Beyond changes to an individual service, a Microservices Architecture, if properly setup, will even let you remove and replace individual services themselves with no consequence – enabling easy transitions from older services or technologies to newer ones.
This also means that developers do not have to know, or even understand the entire architectural stack. They do not have to understand how applications using their Microservices’ API are setup nor designed. The only concerns they have are that their service functions properly, is efficient, and that the API was designed to act as an appropriate interface.
This means that they can develop fearlessly. More-so, they can specialize in their Microservices architecture and code, and being a smaller service have less code to navigate – and less aspects that require testing.
Also, being composable, Microservices make third-party application development faster as well. Rather than having complex integrations, third-party developers, or those integrating the service in with their own can simply call a REST API – using a uniform interface such as JSON as the language mediator.
While there are concerns around usage and latency – Microservices offer significant benefits in terms of scale. The most notable is that because Microservices are isolated, as usage of the service grows – you only need to scale that service – not an entire monolithic application. This means that you are actually able to scale more quickly, and at less cost.
» Isolation and Security
Microservices also offers a smaller attack surface for any potential breaches. While application security is critical, breaching into an isolated Microservices limits a hacker’s ability to infect or manipulate the rest of your applications. The attacker can certainly wreck havoc, but their reach is limited by the capabilities of the Microservices’ API.
This means it’s also easier to protect sensitive data by limiting what data can be exposed through the APIs, and ensuring that if a different service is breached they do not have access to the other more critical services or the data storage/ system layer (ie access to the actual database itself, as long as it too is properly abstracted).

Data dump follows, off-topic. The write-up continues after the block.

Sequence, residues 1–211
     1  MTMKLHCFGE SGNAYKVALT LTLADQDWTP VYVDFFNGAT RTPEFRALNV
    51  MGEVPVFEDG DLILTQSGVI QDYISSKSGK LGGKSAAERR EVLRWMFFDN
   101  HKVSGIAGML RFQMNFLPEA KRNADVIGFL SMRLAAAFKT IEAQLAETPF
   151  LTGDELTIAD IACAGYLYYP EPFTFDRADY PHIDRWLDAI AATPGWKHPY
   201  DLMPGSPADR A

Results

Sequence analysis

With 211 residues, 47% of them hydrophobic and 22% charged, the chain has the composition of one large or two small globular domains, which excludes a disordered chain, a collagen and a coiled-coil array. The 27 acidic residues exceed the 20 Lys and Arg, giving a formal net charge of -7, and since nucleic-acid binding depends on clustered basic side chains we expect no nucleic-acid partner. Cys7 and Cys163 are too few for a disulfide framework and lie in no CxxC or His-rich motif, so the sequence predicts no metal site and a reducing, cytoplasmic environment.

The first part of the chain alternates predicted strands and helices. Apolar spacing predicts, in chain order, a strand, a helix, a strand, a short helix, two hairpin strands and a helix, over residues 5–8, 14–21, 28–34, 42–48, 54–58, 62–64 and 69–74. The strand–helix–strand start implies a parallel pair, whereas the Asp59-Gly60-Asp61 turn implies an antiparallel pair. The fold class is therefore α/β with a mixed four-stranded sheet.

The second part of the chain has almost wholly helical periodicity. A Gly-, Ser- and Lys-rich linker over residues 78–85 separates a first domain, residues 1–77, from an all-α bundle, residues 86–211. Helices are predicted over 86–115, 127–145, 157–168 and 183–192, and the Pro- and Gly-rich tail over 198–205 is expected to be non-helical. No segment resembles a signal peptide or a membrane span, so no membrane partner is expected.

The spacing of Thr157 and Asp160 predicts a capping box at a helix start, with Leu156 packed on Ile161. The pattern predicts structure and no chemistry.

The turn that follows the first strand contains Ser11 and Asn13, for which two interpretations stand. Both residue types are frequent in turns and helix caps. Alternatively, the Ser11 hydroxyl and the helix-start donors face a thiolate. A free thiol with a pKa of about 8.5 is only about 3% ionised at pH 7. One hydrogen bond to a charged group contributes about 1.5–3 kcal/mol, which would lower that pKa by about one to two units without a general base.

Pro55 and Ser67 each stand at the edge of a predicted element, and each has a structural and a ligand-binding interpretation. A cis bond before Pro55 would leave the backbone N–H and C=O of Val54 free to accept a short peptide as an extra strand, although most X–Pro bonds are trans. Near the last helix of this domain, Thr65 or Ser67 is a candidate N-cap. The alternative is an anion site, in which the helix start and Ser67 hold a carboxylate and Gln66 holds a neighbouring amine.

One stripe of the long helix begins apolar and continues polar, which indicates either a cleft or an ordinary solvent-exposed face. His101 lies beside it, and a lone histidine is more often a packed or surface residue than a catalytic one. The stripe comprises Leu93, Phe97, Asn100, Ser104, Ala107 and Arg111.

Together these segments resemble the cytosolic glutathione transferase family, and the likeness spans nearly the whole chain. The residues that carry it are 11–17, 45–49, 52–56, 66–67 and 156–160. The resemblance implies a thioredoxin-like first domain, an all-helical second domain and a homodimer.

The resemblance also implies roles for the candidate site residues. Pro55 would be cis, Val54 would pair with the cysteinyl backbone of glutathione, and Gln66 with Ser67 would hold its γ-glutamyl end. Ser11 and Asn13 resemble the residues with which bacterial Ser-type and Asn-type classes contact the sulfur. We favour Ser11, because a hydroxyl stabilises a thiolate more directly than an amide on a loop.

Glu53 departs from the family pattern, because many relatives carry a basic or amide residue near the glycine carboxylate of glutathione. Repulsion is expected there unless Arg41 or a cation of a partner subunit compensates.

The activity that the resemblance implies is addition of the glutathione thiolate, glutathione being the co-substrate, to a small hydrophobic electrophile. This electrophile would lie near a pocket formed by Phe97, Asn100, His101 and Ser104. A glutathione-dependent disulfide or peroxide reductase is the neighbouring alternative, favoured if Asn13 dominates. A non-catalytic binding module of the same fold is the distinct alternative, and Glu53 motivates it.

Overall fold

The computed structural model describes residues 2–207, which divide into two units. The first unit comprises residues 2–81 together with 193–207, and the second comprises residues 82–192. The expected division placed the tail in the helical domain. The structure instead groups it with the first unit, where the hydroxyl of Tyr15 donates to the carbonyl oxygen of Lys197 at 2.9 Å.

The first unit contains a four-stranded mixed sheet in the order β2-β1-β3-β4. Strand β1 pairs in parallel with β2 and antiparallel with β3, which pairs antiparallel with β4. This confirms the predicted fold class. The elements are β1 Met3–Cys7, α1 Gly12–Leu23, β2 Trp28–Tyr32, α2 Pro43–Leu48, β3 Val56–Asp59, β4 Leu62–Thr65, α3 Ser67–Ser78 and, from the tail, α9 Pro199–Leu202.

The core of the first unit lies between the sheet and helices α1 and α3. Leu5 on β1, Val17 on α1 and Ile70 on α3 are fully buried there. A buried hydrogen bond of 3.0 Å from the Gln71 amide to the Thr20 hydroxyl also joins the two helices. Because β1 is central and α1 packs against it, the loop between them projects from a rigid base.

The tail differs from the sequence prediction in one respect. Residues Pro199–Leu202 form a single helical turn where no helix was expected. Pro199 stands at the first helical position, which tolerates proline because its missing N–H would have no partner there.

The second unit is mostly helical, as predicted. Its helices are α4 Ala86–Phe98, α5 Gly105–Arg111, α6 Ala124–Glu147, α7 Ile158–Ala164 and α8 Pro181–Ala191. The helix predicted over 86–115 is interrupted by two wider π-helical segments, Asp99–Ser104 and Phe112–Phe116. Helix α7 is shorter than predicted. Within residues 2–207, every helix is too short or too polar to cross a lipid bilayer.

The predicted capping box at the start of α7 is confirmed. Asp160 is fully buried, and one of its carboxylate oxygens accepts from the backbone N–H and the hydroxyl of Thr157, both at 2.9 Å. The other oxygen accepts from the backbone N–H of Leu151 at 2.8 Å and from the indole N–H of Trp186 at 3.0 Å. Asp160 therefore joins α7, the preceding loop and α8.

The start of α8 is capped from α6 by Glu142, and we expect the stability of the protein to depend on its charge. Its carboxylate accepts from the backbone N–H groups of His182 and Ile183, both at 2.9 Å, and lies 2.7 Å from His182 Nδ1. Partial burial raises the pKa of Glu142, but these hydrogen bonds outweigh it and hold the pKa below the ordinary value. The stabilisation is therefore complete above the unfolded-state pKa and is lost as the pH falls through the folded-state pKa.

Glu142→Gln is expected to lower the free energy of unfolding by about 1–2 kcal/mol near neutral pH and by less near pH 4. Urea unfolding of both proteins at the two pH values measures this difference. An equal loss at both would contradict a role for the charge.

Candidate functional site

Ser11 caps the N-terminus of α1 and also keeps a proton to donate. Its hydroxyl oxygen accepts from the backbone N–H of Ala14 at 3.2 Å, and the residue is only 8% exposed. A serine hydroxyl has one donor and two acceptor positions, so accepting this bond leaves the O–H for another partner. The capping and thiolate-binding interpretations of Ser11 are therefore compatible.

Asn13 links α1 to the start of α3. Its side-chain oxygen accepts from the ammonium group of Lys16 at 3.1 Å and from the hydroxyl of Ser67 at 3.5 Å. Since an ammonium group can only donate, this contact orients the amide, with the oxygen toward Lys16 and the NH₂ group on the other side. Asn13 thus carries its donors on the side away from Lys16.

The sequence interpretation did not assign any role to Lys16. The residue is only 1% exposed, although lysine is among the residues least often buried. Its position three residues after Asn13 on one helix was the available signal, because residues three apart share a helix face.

One lesson I learned as a young child (back in my “Superhero” days) is that it’s a lot easier to move a chair than a house. The same is true with Microservices. By taking advantage of technologies such as containerization and Kubernetes, you can create self-healing services that restart on failure. Being limited in scope, this smaller service becomes much easier to restart than having to restart a complex and tightly coupled monolithic application – that may make use of numerous message queues and transactional setups.
When issues arise, again they are in isolated areas within your architecture, and require a small reset or patch – allowing the rest of your architecture to continue running without (or with very little) impact.
However, while Microservices offer many advantages – they are not a fix all – nor is it an exact science. Instead, Microservices require careful planning while introducing new networking and management challenges.
And if implemented incorrectly, not only is your company likely to struggle in terms of managing these services, but you could very well suffer the same fate as SOA – large entangled applications that companies are now spending hundreds of thousands to millions of dollars trying to untangle.
The sad reality is, that while Microservices expands upon SOA – and offers many significant advantages and a new way of thinking – it also shares many of the very same similarities.
Next week, we’ll address these similarities and differences to gain a better understanding of the Microservices approach, followed by how to avoid the “Glue” problem – or the application entanglement that crippled SOA.